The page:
Authors: Malgorzata POKOSZ (1), Danuta SADOWNIK (2)
Keywords: risk of social exclusion, adolescence, risky behavior, education system.

DOI: https://doi.org/10.26758/13.1.12

Malgorzata POKOSZ (1), Danuta SADOWNIK (2)

All authors of the article contributed equally.

(1) Correctional and social pedagogy – Karkonoska Akademia Nauk Stosowanych in Jelenia Góra, Jeleniogórska Akademia III Wieku in Jelenia Góra, Poland, E-mail: pokosz@gmail.com

(2) Pedagogy of culture – Wyższa Szkoła Zarządzania i Przedsiębiorczości in Wałbrzych, Jeleniogórska Akademia III Wieku in Jelenia Góra, “Aktywni XXI” Foundation in Jelenia Góra, Poland, E-mail: dansad3@wp.pl

Address correspondence to: Danuta SADOWNIK, Poland, 58-560 Jelenia Góra, Okrzei 12/2a, +48 604497709, E-mail: dansad3@wp.pl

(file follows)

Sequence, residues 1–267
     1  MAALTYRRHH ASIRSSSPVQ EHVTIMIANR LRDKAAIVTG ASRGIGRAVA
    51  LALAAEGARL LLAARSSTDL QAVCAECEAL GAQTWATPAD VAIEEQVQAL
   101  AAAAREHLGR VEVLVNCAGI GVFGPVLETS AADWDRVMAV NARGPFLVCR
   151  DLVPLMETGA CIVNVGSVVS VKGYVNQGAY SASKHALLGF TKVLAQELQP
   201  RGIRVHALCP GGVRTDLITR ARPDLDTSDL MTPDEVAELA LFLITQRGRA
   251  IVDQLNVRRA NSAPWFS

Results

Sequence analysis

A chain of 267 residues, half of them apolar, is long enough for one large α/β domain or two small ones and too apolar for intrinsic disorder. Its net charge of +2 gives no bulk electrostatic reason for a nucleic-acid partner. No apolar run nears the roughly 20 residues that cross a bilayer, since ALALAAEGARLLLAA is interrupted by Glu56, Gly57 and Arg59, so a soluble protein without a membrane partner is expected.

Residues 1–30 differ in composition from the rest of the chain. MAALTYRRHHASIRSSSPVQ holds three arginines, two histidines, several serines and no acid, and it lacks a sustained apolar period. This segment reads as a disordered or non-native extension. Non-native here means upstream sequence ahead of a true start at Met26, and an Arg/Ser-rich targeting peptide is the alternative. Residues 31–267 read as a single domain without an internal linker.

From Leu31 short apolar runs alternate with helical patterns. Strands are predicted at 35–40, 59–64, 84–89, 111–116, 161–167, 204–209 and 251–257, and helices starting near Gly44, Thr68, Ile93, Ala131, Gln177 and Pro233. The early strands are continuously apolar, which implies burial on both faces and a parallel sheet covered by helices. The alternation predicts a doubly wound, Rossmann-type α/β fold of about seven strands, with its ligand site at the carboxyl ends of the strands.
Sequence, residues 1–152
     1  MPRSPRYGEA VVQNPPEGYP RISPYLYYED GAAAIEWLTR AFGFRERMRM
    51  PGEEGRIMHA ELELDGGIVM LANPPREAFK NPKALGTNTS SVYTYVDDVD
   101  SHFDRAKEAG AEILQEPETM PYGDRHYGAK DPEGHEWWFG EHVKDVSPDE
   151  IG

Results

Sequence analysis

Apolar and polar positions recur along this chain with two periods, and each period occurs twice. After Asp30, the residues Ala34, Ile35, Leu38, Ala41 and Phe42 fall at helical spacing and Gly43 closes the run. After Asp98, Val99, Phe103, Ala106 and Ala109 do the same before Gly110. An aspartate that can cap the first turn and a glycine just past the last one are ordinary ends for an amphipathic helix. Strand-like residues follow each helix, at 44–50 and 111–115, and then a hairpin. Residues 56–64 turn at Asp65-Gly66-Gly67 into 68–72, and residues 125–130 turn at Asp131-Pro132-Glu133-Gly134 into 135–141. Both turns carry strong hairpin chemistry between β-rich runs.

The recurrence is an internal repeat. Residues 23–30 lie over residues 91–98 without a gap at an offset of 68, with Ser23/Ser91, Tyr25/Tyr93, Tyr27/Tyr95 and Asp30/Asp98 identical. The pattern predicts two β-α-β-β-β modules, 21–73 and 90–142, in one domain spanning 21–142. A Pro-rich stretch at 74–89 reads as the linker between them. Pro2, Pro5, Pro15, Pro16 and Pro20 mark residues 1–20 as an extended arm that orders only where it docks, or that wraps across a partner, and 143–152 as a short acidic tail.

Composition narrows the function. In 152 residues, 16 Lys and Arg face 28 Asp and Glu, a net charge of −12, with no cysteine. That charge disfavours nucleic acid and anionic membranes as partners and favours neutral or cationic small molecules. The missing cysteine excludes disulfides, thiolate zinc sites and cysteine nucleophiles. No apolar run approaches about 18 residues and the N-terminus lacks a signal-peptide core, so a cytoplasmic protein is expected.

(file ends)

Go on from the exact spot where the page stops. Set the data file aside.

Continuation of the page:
Objectives. This article describes the situation of young people aged 15-18 who, for various reasons, have found themselves outside the educational system and do not attend day schools. For the most part, these are people from backgrounds at risk of social exclusion due to deprivation of not only economic, but also psychological and social and culturally conditioned needs. The main reasons that these young people found themselves outside the basic education system were the lack of fulfillment of compulsory schooling (truancy, failure to be promoted to the next grade several times) and the threat of demoralization or criminal acts confirmed by the Family Court. The leading objectives were: to recognize the behavioral style of adolescents dropping out of the education system; the ways in which adolescents at risk of social exclusion respond to the surrounding reality and make life choices.